interactive displays

Numeracy Working Walls   Recently updated !

Setting Up A Numeracy Working Area

Whiteboard MathsNumeracy working walls are becoming ubiquitous in UK primary classrooms but  they run the danger of becoming just a display. Displays that the children don’t connect with and use regularly quickly become ‘wallpaper’.
I think it is important to put the emphasis on children using displays as a visual tool to help them learn. It helps to talk about how ‘real’ mathematicians use whiteboards to help them do their work and to encourage the children to see the wall area as a tool rather than a display. You can set up a numeracy work board like this on a fairly small scale and still have a really useful learning zone.
Ideally you’ll need a wipe clean surface, perfect for quick working out, jotting things down, trying out solutions, or even just some fun shape drawing! You could use blackboard paint on a board but using a whiteboard  ‘idea paint’ and colored dry wipe markers is much more interesting. Idea paint can be painted straight onto the wall and gives a wipe clean surface just like expensive whiteboards. Amazon do some self-adhesive, wipe clean Magic Whiteboard stickers that look very good. (Perhaps you saw them on Dragon’s Den?)

Limit Your Colours

Limit the number of colors you use in this area. It is tempting to make everything bright and colorful but that can be distracting. Try to stick to a neutral  (white or black), two main complementary colors and a bright accent color. Sticky putty will hold up any light items but sticky pads or small velcro squares work better for heavier things. You can also put up trimmed plastic wallets mounted on colored card to easily slide in work or pictures.

Ideas to Help You Set Up Your Numeracy Wall

Use some of these ideas to get the children thinking positively about maths. Of course what you choose to use depends on the age of your class.

  • A puzzle challenge area for quick activities. You can get as creative as you like with this area. Change the challenges frequently, get children setting the challenges. Maths cube (Unifix) art  would make an interesting challenge. If you are practicing mental maths you could record the questions on a ‘talking postcard’. These re-recordable ‘talking’ or ‘voice postcards’ are not too expensive  A child can listen to the question then record their answer on another.
  • A  maths words area – cards with math vocabulary for the topic you are currently exploring printed on one side, definition on the other that can be taken down to copy, use for games etc. Don’t forget the children can make these and will learn a great deal by doing so. Definitions they have found for themselves, either from the internet or from a book, are much more memorable than anything we tell them.
  • A working area that focuses on one area of maths that you are currently exploring – this is where children can stick up work they are pleased with, questions they are interested in, things they want to find out. One way of doing this would be to divide the area into 3 sections using paper tape. Add the headings What We Know, Our Questions, and How We Plan to Find Out. This sort of self-directed working is really useful for all learners but especially for independent learning times.
  • Take lots of photos of the class doing things that involve maths. Get the children to sort and label  the photos into groups according to the kind of maths involved. Throw in some wild cards and see if they can work out how something like driving the car or tidying the room might involve maths. Make a display of the sorted and labeled photos. You can use bright colored post-it notes to label the groups of photos, that way it is easy to take them down and re-sort them in a different grouping. (Most activities will involve more than one kind of maths.)Everyday maths is also part of putting up displays. From measuring the spaces between letters and working out proportions and ratios, to getting the angles for placing things right.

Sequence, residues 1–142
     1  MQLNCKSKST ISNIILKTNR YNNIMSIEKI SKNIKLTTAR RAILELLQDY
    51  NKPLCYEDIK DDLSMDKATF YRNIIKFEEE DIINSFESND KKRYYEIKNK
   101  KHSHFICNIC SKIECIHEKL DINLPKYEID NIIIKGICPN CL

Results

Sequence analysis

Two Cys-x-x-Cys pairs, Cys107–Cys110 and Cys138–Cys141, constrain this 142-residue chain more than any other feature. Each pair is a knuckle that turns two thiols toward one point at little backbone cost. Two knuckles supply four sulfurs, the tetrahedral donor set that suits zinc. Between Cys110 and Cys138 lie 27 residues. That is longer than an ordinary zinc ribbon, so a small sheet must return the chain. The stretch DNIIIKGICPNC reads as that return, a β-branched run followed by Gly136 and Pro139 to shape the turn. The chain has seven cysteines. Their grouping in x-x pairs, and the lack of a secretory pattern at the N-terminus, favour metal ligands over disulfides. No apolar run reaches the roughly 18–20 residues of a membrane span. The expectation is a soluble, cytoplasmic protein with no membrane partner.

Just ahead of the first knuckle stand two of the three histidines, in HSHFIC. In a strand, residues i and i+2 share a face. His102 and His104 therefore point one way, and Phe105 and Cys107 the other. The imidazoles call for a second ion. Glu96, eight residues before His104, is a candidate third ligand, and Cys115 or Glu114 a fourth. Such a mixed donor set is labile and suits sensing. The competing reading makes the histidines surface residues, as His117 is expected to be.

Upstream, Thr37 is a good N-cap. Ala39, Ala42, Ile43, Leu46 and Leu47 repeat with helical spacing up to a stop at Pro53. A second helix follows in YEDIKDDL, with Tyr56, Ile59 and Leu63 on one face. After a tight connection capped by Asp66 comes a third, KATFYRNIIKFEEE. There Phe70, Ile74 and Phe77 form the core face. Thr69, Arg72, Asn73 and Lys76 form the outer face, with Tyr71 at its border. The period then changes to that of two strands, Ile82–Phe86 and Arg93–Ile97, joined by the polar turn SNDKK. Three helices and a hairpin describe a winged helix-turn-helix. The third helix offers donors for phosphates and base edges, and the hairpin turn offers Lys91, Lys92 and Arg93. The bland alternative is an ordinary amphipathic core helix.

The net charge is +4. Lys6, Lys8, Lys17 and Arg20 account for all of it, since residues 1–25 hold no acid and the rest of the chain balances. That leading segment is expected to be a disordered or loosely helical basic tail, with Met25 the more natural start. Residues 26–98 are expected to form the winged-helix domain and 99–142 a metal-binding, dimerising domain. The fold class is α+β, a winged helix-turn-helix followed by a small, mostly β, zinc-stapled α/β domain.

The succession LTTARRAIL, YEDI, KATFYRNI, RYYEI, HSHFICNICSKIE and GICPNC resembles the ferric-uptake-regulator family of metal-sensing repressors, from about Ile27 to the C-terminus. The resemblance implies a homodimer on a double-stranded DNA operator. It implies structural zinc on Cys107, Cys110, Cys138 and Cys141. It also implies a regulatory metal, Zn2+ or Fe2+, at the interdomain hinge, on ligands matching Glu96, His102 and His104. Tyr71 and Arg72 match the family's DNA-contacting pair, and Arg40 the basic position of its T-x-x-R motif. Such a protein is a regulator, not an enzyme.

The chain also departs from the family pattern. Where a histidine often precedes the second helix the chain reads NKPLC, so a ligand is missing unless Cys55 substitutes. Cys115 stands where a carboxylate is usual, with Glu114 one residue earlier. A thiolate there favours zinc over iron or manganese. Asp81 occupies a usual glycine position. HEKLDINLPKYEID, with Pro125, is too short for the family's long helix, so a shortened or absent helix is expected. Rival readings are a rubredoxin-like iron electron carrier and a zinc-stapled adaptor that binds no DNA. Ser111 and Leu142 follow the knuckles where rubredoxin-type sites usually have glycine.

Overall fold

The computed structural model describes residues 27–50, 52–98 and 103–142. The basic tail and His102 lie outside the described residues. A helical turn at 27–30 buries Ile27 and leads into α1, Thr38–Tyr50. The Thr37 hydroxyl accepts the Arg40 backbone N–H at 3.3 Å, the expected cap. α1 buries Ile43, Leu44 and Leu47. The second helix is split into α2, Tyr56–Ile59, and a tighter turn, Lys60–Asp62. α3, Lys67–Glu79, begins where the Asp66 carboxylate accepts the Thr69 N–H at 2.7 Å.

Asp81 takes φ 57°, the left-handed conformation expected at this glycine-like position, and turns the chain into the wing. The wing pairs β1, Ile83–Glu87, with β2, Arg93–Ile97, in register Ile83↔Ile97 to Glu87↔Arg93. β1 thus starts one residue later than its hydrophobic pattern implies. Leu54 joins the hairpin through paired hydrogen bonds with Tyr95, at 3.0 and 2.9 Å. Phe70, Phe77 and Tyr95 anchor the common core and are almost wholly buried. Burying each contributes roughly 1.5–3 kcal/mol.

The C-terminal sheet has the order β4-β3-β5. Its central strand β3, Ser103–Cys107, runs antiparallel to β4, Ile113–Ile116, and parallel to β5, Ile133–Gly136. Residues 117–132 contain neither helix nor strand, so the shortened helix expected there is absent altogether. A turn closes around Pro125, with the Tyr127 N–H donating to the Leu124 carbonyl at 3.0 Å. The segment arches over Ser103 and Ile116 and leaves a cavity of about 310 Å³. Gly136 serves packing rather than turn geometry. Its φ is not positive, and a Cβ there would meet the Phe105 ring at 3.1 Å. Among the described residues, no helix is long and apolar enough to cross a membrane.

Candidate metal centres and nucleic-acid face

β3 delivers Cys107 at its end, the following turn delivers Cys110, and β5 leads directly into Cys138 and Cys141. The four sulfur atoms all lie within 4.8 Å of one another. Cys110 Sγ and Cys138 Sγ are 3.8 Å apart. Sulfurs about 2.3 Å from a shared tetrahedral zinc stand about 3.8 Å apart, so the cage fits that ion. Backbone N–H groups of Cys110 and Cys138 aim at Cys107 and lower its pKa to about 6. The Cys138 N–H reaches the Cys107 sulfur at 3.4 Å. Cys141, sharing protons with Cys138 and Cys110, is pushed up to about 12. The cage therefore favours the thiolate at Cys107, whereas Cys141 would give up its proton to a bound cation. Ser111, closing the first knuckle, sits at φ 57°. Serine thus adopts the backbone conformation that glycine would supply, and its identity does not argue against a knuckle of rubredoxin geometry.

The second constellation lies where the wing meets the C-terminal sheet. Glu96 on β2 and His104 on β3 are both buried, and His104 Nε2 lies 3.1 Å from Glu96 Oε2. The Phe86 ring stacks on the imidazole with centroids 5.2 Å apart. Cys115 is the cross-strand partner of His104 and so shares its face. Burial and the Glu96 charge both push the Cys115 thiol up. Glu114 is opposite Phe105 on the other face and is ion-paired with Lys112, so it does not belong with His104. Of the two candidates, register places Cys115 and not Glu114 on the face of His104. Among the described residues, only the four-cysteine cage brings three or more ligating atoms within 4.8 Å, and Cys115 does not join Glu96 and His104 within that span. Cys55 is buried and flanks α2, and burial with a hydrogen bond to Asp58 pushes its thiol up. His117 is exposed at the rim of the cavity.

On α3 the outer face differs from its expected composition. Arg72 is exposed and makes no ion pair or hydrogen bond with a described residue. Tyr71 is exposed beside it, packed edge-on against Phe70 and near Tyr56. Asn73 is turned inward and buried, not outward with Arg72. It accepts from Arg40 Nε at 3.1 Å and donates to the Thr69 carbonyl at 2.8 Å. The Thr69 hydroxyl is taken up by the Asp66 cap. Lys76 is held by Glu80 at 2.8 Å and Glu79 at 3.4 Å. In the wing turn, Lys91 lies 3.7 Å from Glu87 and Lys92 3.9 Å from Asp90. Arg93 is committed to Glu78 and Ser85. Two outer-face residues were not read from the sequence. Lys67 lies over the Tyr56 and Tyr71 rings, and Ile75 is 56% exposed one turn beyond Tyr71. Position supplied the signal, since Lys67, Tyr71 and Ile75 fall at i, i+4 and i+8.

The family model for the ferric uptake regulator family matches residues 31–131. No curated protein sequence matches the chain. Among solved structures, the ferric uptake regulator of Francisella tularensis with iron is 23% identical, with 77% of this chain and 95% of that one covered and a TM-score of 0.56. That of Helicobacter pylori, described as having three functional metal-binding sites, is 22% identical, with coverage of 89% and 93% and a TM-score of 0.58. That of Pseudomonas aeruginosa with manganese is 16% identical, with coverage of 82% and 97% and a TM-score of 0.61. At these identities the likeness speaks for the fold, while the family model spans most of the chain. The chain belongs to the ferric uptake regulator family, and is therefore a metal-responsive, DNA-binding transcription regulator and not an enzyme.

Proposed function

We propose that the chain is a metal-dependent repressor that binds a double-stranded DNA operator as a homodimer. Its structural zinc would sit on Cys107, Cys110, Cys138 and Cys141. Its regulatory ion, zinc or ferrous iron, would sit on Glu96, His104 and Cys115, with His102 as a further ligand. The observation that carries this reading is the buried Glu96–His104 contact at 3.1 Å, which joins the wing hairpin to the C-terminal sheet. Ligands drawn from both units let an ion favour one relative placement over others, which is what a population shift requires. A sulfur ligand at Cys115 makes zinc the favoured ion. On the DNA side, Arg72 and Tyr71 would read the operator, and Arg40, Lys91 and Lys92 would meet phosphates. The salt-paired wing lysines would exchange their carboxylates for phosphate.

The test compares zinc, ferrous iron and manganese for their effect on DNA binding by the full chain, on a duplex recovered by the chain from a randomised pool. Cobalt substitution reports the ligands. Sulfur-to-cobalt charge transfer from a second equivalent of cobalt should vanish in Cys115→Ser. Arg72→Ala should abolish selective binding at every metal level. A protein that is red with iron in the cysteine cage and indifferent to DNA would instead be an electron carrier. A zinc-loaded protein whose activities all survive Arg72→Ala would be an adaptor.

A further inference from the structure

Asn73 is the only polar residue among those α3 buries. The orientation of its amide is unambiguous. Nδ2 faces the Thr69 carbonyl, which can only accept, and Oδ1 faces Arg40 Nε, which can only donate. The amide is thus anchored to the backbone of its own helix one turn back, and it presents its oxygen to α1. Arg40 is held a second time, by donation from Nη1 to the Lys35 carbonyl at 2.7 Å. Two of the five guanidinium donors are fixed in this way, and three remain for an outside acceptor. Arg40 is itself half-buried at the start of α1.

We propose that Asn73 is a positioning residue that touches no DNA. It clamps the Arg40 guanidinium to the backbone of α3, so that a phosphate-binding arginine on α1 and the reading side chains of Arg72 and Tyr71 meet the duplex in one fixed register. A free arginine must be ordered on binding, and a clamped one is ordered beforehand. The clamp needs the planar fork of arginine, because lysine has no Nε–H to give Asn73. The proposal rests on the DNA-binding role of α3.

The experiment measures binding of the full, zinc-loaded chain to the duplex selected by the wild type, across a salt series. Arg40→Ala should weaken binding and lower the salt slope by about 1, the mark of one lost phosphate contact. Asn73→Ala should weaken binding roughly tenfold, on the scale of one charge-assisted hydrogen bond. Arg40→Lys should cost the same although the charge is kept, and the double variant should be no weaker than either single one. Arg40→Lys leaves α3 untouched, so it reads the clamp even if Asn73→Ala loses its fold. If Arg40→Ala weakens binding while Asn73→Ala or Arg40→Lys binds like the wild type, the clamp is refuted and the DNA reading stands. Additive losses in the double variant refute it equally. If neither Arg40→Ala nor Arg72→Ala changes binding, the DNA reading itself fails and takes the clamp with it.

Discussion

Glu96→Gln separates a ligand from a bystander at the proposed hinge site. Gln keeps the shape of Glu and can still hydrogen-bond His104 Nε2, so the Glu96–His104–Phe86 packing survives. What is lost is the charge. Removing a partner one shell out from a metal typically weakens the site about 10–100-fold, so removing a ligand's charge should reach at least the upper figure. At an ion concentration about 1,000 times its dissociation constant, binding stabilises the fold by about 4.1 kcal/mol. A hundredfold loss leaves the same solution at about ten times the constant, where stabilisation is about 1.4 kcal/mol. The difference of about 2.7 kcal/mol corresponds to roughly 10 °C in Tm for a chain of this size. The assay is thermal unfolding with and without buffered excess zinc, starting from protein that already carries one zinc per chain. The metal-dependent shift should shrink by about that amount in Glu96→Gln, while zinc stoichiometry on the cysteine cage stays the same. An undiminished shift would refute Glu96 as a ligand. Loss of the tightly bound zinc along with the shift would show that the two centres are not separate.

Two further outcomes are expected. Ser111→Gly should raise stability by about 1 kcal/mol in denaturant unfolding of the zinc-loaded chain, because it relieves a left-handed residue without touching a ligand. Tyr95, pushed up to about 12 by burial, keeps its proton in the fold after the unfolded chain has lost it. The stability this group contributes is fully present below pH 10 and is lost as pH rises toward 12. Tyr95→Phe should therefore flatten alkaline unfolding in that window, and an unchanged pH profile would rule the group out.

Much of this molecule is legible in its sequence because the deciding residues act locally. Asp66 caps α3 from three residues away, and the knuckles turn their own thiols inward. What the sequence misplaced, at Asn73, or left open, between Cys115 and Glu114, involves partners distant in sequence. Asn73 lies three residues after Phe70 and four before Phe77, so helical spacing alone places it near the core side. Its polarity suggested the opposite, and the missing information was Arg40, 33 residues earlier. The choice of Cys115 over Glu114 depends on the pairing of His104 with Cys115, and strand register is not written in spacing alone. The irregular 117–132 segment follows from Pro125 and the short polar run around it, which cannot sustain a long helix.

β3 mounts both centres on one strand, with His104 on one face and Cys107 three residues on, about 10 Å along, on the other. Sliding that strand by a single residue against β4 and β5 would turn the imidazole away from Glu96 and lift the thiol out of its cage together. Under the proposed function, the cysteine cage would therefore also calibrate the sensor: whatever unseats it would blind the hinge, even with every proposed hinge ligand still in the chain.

It is best to avoid too much visual clutter in a learning area so just choose a couple of these ideas at a time. Change them  frequently so they never become just pretty wallpaper. There is lots of evidence that involving children in making choices about their learning environment improves their engagement so get them involved at every stage.

Suzanne says "I link the QR code to theme of week. Children use class ipad to link to file or game! Last week we were fractions so the link was to fraction games." (via the Classroom Displays Facebook Page)  Learn more about using QR codes on displays in the  Advanced Course

Suzanne says “I link the QR code to theme of week. Children use class ipad to link to file or game! Last week we were fractions so the link was to fraction games.” (via the Classroom Displays Facebook Page) Learn more about using QR codes on displays in the Advanced Course

Working wall

Heidi says “I’ve velcroed clipboards to my display board so I can quickly change children’s work according to the topic. I also use speech bubbles which the kids can write in to explain their work.” (via the Classroom Displays Facebook page)

















Idea Paint (US)

Muraspec (UK stockists)

They do a Home kit which covers 6 square feet or get a 20 square feet can and make a literacy working area  too. You will also need a special base coat and the area needs to be specially prepared.  This is probably a job for the school caretaker or janitor and not a DIY idea.

UK stockists Muraspec say:

Kit options
 We can offer customers Lil’ Bit Kits that cover an area of 3 square ft (0.28m2). At just £24.67 (ex VAT)  these kits are perfect for testing ideapaint out on a small area and contain; a roller sleeve & handle, stir stick, tray and installation instructions. Each standard kit covers 4.65m2 (50ft2).

Ideapaint is available in five colours: White, Off White, Light Beige, Light Grey and White Sand.

Dry Wipe Stickers  from Amazon

Try Magic Whiteboard, or even blackboard stickers if you feel retro! Less fuss than ideapaint these are better for making temporary display whiteboard areas.

Click here to find these and other similar products in the Classroom Displays Amazon Bookshop


Re-recordable ‘voice postcards’ from TTS

These are excellent but be sure to get the 30 second version as the 10 second ones will be too short for your working area. Talk Time Postcards

Talk-Time Postcards

Classroom Displays – More Word Walls 8


Classroom Displays to Rescue Tired Words!

Wandering the web looking for word wall classroom displays to share with you I found a couple of interesting sites I’d not seen before. I’ll save the other site for my next word wall post, but thought you might like this idea as much as I did.